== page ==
An icon of Georgia Southern University and a pillar of the Statesboro and Bulloch County community, William Robert (Bobby) Smith, Sr. died Sunday.
Smith’s funeral service is set for 11 a.m. Thursday, March 16 at the Statesboro Primitive Baptist Church with Elder Randy Waters officiating following a private burial. A reception will follow in the church Fellowship Hall.
Lindsay Walker, owner of Walker Pharmacy, first met Smith when he was a student at Georgia Southern College in 1977 and Smith was an economics professor.
“I thought very highly of him being in that class, not knowing I would later become a good friend,” Walker said. “He was a blessing in my life. He was a quiet servant, who only spoke when he thought it was necessary. But he spoke with authority and preferred to work behind the scenes to get things done. I will miss him and so will our community.”
Smith graduated from Georgia Teachers College in 1949 with a major in history and a minor in math, but his connection to the university began long before that: his mother attended when it was called Georgia Normal School.
Following graduation he joined the family business, Smith Hardware. Longtime Bulloch County residents will remember that the business began as E.A. Smith Grain, founded in 1920 on East Vine Street. The company sold hardware and a wide variety of building supplies, grain, fertilizer and other needs of a growing agricultural community.
After working in the business for a number of years, he returned to the college — now named Georgia Southern College — to earn a master’s degree. As a master’s graduate, he was invited to teach one class, then two, then a full schedule. He discovered that he loved teaching, and he continued to teach in the Department of Finance and Economics both full-time and part-time at Georgia Southern from 1972 to 1995.
“I loved teaching, but I came to it by accident,” said Smith. “I loved it so much, I told them, ‘I’ll teach home ec if you’ll just let me teach!’”
Apparently Smith’s students had a mutual feeling about him and his teaching, because he received the college’s Excellence in Teaching Award the second year it was presented.
Carl Gooding was dean of the business school for 15 years when Smith was a professor.
"Bobby was an outstanding professor," Gooding said. "He cared so much about his students.
"When he won the best teacher on campus award, Bobby's presentation was called 'When the Roll was Called I Wonder.' In that speech he talked about what a great honor it was for him to be teaching students about economics. What he wondered about was when his name was called, did he serve his students to the best of his ability. He cared so much about his students."
In addition to his teaching career, he was president and co-owner of E.A. Smith Grain Company and Smith Supply Company.
Smith served as member and chair of the Bulloch County Board of Education and served on the boards of First Federal Savings and Loan, the Sea Island Bank, and Farmers & Merchants Bank. Working alongside his wife, the Jaeckel Hotel was accepted into the National Register of Historic places.
A 'true gentleman'
Local attorney Gerald Edenfield worked with Smith on the Board of Directors for Farmers & Merchants Bank and Smith was on the board when Edenfield was chair of the Statesboro-Bulloch County Chamber of Commerce.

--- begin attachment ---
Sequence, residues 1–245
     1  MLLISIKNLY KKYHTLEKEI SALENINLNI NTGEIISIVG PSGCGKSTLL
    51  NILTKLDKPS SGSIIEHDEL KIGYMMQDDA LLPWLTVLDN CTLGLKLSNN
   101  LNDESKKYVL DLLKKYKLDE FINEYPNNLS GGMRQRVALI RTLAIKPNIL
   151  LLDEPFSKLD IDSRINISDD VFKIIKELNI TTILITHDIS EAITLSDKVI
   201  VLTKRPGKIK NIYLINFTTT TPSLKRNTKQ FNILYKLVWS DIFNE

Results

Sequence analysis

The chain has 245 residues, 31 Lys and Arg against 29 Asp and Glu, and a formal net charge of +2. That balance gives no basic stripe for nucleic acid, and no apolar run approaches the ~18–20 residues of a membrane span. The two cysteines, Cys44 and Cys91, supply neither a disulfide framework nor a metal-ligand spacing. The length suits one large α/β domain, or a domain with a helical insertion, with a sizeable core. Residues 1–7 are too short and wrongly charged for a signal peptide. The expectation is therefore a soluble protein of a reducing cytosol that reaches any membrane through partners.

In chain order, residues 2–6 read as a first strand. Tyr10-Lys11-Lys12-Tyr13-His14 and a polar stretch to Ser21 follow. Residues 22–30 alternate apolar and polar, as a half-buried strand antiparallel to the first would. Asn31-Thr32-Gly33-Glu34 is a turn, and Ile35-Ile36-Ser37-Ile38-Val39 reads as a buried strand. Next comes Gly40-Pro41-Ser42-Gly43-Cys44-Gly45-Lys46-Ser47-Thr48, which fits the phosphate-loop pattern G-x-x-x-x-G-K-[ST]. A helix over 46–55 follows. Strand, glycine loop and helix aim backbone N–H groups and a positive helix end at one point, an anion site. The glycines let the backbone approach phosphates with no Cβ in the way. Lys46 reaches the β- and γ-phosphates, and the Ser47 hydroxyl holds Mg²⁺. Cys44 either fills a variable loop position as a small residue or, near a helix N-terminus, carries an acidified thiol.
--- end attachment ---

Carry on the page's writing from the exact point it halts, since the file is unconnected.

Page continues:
“He was always a person who would weigh an issue and make an appropriate decision,” Edenfield said. “He wasn’t loud or boisterous, but he was not afraid to come up to you either before or after a meeting if he knew a controversial subject was coming up and get your ideas on what could happen. His advice was always sound and well thought out. He was somebody you could always trust would put you on the right path of whatever issue you were looking at.
“He was a true gentleman that would tip his hat to ladies and offer a firm handshake. He will be sorely missed in this community.”
For many years, Smith served as Deacon and Sunday School teacher in the Statesboro Primitive Baptist Church. He also served on the church’s Boy Scout Council.
Walker said he formed a deep friendship with Smith when his family became members of Statesboro Primitive Baptist Church
“Bobby was on the Board of Deacons and I was blessed to get on the Board with him in 1993,” “I tell people that for the first five or six years, I didn’t say a word. I just sat there and absorbed the wisdom of Bobby and the rest of the Board. It was an honor and a privilege to serve with him and the Board as I learned.
“That’s how I would describe my relationship with Bobby. I learned from the time I met him until his passing.”
Smith was a past president of the Statesboro Rotary Club where he hosted international exchange students and was voted "Citizen of the Year” in 2008. He received a Deen Day Smith Service to Mankind Award in 1989 and was honored with a Deen Day Smith Lifetime Achievement Award in 2001.
After he was named Citizen of the Year, Smith said:
"It means so much to me coming from this community. I'm so proud of the things they do, the things they're involved in and the help they give to people. Just to be a part of it and be part of this organization - it's been great."
Smith was a founder and supporter of Ogeechee Area Hospice, served on the board of the Statesboro Housing Authority, and served as member and chair of the board of directors of Bethany Nursing Centers. He was a local liaison to Camp Rising Sun, an international scholarship camp for young men.
The family requests that in lieu of flowers, contributions be made to The Statesboro Primitive Baptist Church, 4 S Zetterower Ave, Statesboro, GA 30458; to the Ogeechee Area Hospice, PO Box 531, Statesboro, GA 30459; or to Georgia Southern University, PO Box 1107, Statesboro, GA 30459.